New Revolutionary Alternative
This article does not cite any sources. (February 2018) (Learn how and when to remove this template message)
|Part of the Politics series on|
New Revolutionary Alternative (Russian: Новая Революционная Альтернатива) (NRA) is an anarchist organization devoted to insurrectionary struggle in Russia. Authorities consider the organization to be a terrorist group.
Little is known about the NRA. The media has speculated that it may have as many as 100 active members while others believe that it may not exist at all.
The NRA first surfaced in 1996, carrying out a number of actions (including bombings and arsons) in protest of the First Chechen War. Targets included conscription centers, government, military and police stations.
After the April 2, 1998 bombing of a police bus, the NRA released a statement calling on "the people to answer police terror with revolutionary terror and fascist provocations with anti-fascist direct action."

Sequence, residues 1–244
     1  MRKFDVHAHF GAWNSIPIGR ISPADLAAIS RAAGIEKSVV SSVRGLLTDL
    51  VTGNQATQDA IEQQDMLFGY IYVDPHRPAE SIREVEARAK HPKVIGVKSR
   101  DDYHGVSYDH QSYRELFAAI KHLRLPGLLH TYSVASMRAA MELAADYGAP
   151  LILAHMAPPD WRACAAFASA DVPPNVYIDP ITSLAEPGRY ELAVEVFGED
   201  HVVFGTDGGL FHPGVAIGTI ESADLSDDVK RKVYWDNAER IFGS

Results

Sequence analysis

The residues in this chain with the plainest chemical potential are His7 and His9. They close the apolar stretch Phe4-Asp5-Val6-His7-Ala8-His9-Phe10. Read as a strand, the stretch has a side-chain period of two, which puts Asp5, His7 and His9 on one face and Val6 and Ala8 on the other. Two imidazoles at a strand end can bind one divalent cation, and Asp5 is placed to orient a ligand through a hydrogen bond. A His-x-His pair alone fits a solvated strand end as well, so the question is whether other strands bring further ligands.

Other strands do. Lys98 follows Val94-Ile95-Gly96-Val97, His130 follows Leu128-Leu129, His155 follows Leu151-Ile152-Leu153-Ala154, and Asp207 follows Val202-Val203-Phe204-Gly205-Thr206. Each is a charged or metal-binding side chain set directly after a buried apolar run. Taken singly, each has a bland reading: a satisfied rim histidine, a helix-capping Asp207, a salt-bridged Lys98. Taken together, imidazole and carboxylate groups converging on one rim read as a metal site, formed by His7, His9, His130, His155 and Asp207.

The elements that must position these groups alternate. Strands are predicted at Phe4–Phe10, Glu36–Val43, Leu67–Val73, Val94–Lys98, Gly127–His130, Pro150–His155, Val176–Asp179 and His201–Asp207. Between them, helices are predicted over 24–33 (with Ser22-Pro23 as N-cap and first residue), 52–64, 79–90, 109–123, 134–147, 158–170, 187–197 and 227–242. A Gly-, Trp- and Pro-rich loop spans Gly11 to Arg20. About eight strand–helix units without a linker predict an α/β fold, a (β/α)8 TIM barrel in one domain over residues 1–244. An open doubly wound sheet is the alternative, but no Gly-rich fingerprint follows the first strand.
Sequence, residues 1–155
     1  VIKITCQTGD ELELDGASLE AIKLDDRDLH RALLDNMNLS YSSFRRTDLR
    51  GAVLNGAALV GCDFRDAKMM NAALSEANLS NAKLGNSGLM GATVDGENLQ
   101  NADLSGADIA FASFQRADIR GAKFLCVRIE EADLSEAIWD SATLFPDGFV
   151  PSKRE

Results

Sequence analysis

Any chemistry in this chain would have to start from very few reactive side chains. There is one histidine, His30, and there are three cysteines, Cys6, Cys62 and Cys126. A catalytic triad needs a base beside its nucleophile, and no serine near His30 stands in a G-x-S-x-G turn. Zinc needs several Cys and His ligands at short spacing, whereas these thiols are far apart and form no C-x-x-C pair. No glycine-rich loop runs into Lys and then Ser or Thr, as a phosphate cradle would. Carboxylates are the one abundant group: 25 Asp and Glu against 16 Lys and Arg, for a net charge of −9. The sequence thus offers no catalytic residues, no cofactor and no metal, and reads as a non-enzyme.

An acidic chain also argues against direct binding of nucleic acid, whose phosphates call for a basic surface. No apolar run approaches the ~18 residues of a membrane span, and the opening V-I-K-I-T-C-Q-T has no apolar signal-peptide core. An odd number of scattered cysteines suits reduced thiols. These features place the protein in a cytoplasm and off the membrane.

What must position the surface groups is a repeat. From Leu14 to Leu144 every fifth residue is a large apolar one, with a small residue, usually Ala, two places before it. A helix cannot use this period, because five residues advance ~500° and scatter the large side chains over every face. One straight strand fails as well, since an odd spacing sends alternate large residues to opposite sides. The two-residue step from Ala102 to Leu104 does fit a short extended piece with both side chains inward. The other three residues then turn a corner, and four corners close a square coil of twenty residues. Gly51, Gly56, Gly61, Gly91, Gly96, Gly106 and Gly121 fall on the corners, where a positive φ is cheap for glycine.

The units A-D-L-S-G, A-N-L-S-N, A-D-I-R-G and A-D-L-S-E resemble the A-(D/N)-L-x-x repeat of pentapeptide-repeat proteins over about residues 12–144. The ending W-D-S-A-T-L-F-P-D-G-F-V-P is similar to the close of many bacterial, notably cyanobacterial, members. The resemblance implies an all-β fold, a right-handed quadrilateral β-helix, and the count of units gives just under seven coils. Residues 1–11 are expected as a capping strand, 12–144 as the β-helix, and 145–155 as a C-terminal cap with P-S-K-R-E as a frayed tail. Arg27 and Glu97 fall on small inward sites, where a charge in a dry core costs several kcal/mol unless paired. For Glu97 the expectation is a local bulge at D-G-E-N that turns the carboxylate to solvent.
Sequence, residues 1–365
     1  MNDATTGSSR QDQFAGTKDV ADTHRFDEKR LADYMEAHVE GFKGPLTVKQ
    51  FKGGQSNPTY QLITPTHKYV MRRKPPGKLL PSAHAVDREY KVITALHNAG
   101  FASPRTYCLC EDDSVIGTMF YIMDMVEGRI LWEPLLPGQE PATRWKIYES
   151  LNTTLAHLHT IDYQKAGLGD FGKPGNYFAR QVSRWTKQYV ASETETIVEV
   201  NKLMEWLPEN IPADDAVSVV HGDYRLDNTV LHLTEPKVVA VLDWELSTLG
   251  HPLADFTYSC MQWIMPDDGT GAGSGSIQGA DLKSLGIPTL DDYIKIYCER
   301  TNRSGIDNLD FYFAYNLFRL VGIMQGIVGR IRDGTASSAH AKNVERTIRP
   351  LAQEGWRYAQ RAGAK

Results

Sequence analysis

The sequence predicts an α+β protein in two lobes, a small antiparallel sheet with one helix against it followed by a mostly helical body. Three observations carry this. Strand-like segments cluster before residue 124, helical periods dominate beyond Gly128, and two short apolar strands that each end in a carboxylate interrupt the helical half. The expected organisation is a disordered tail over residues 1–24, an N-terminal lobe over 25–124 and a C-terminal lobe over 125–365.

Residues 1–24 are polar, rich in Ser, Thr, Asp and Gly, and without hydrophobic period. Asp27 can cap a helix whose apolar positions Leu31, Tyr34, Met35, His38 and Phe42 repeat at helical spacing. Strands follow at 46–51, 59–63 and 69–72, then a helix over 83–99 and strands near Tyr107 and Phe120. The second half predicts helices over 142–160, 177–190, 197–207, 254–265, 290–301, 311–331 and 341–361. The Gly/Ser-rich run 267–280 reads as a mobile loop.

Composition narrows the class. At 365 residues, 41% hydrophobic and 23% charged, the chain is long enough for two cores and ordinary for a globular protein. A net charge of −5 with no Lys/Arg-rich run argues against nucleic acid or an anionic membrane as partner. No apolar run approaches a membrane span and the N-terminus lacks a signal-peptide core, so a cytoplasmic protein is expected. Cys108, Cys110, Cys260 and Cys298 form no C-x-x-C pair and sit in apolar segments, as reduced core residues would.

On April 4, 1999, a bomb detonated in Moscow, seriously damaging the Federal Security Bureau. Several days later, the bombing was claimed by the NRA, who stated that the attack was "a protest against the bourgeois terror of the Russian state police system against the radical opponents of the regime." Many journalists rejected the NRA's claim as unlikely. Two women, Olga Nevskaya and Nadezhda Raks, were arrested on February 23, 2000 in conjunction with a criminal investigation into the attack.
On April 14, 2003 three individuals were convicted of participation in various NRA activities. Nadezhda Raks received 9 years in prison, Larisa Romanova received 5.5 years in prison, and Olga Nevskaya received 6 years in prison. Raks, a member of the "Revolutionary Communist Union of Youth (Bolsheviks)", is not supported by Russian anarchists due to alleged right-wing ties.
In October, 2005 Larisa Romanova was freed from prison.
|This anarchism-related article is a stub. You can help Wikipedia by expanding it.|